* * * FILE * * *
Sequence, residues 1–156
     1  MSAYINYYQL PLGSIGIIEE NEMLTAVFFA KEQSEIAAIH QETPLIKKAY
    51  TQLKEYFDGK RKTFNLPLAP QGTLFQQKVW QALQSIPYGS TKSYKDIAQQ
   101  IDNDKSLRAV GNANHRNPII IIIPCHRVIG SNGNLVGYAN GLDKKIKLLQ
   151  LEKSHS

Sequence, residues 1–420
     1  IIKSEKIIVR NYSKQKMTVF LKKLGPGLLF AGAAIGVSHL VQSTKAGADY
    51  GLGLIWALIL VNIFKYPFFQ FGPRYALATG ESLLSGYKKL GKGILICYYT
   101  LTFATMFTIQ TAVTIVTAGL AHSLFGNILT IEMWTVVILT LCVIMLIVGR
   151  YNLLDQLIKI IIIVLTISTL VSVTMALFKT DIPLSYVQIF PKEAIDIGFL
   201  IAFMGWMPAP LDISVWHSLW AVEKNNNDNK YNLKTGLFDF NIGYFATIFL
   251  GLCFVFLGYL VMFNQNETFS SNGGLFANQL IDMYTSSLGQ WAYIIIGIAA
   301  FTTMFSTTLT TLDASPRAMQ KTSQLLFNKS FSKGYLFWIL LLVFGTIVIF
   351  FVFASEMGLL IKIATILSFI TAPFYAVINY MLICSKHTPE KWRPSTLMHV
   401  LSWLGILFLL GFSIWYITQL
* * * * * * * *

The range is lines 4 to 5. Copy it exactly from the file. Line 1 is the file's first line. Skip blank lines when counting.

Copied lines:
   101  IDNDKSLRAV GNANHRNPII IIIPCHRVIG SNGNLVGYAN GLDKKIKLLQ
   151  LEKSHS